Now that the Granny Chic revival has pushed Lillian and Amelia back into the Top 100, parents are seeking out ever more obscure antiques.
Thanks to Bridie Ann for suggesting Lavinia as our Baby Name of the Day.
Here’s an interesting fact about Lavinia: she ranked in the US Top 1000 until 1929, but peaked at #352 in 1880. 1880 was, of course, the first year for which data is available through the Social Security Administration. That means that Lavinia has been falling since the rankings were introduced.
Most Lavinias are in the past, and by the past, you have to go back to Ancient Rome to find the first. In the Aenid, Virgil explains that the original Lavinia is a princess all set to tie the knot. Then an oracle persuades her pop to look elsewhere for a son-in-law. Lavinia ends up marrying Aeneas. She’s not as well known as her hero husband, but Lavinium, an ancient port city, was named in her honor. Sci fi writer Ursula Le Guin moved the character to center stage for her 2008 novel Lavinia, a vivid retelling of ancient history through the princess’ point-of-view.
She’s a worthy namesake, as is Italian painter Lavinia Fontana. Fontana flourished from the late 1500s into the early 1600s, following in her father’s footsteps to become a professional painter – and a mother of eleven.
And yet, there’s something about Lavinia’s vibe that is slightly edgy – more akin to Lucretia than Louisa. Perhaps that’s because of the colorful, eccentric and even dangerous women who wore the name from the 1700s onward, including:
- 18th century actress Lavinia Fenton had a successful stage career before marrying a much older duke and living happily ever after;
- Princess Lavinia of Cumberland, on the other hand, was revealed as a fraud, despite her claims to be descended from the British royal family and appeals to Queen Victoria for financial support;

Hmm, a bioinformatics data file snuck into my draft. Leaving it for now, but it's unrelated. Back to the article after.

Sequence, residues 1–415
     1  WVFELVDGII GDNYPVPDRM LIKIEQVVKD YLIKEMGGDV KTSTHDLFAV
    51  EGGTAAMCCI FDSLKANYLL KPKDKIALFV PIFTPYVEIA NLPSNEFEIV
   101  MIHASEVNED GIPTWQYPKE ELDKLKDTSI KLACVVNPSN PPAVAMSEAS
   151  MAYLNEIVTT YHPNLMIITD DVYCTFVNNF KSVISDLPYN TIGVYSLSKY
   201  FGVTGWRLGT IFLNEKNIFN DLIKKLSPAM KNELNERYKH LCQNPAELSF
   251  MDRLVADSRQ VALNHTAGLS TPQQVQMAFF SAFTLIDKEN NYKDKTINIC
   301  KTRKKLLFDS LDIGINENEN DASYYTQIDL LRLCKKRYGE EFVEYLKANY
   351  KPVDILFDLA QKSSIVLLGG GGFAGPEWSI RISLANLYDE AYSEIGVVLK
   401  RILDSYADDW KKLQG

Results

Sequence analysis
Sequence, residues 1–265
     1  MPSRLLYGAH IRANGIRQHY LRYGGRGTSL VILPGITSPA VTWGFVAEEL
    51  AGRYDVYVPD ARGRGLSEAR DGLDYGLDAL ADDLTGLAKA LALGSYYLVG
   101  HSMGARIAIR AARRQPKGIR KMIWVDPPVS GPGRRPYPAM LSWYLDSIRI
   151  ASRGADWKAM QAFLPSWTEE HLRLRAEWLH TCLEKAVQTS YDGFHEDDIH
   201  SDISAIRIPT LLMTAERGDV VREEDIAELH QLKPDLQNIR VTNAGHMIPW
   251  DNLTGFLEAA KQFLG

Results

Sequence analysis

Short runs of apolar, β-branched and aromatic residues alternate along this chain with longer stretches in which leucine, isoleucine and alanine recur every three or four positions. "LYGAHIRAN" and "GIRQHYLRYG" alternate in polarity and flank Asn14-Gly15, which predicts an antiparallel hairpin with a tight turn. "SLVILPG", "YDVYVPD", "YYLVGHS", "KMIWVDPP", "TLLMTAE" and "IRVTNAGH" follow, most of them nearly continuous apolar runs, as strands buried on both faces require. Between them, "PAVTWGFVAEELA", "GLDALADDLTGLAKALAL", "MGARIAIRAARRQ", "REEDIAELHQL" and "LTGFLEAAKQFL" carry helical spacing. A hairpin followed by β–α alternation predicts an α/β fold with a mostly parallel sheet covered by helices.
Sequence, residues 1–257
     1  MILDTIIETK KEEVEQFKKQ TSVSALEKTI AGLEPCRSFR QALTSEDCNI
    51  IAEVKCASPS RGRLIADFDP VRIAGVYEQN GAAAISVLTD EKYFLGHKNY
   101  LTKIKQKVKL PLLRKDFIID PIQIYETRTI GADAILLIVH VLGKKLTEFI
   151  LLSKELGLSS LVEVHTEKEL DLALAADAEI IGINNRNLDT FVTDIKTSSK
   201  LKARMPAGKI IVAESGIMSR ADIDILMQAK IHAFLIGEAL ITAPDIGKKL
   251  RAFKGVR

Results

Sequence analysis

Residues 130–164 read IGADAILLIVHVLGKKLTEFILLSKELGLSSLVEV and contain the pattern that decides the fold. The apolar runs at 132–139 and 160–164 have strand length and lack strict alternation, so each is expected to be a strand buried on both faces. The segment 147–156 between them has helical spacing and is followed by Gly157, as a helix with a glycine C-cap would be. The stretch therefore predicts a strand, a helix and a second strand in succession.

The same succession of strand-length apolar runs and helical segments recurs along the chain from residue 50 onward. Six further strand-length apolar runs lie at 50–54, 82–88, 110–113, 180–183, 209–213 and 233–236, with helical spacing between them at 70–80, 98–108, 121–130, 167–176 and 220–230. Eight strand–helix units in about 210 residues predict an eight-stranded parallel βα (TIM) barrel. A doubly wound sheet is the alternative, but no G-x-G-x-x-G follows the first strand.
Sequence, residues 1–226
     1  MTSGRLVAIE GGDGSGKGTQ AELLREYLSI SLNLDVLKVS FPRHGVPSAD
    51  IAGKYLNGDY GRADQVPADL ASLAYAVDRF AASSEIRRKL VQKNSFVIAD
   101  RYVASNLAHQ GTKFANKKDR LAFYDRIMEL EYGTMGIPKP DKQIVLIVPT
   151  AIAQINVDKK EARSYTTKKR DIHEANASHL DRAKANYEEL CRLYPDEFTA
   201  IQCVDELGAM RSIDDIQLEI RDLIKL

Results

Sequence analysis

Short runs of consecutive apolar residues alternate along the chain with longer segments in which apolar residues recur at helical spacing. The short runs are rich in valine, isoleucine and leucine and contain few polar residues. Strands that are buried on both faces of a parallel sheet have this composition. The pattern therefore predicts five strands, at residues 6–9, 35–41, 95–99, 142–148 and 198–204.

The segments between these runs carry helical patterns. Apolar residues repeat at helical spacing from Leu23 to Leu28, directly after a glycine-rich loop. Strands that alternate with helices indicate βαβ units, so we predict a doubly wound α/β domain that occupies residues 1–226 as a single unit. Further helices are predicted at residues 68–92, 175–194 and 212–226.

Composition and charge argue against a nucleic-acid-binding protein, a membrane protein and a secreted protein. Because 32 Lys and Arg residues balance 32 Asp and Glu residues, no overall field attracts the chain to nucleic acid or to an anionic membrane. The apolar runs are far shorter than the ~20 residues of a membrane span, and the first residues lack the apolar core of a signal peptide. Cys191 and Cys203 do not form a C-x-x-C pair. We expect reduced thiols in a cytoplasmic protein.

- In the early 1800s, John and Lavinia Fisher operated Six Mile Wayfarer House outside Charleston. After the guests kept on going missing, the couple was found guilty of murder. John begged for forgiveness, but Lavinia went to the gallows without an apology;
- The well born Lavinia Warren was descended from Mayflower passengers, but gained fame as a dwarf and circus performer along with her husband, General Tom Thumb.
The literary world owes a debt to another Lavinia, Emily Dickinson’s younger sister. After her sister’s death, Vinnie ignored Emily’s wishes that her writing be destroyed and ensured that her poetry was published. There are also several notable fictional Lavinias, including:
- In Shakespeare’s gory tragedy Titus Andronicus, Titus’ doomed daughter is named Lavinia;
- In HP Lovecraft’s tale “The Dunwich Horror,” Lavinia Whateley is mom to monstrous Wilbur;
- Eugene O’Neill’s Mourning Becomes Electra transplants Greek myth to the American Civil War. Despite the title, the figure of Electra was renamed Lavinia. In 1947, Rosalind Russell received a Best Actress Oscar nomination for her turn as Lavinia in the film adaptation.
It’s easy to see that while we all recognize the name, many of her popular uses would’ve encourage parents to look elsewhere for a name. A handful of possibly related names, including Luvenia and Lavina, actually fared slightly better than the original.
Then there’s Downton Abbey and the ill-fated Lavinia Swire.
Could you use Lavinia today? In 2010, most of the negative associations are fading into the background, and with the popularity of choices like Olivia and Sophia, it is easy to imagine the name fitting right in. By the time your daughter discovers Shakespeare, Lovecraft and O’Neill, just hope she’s mature enough to embrace the literary associations.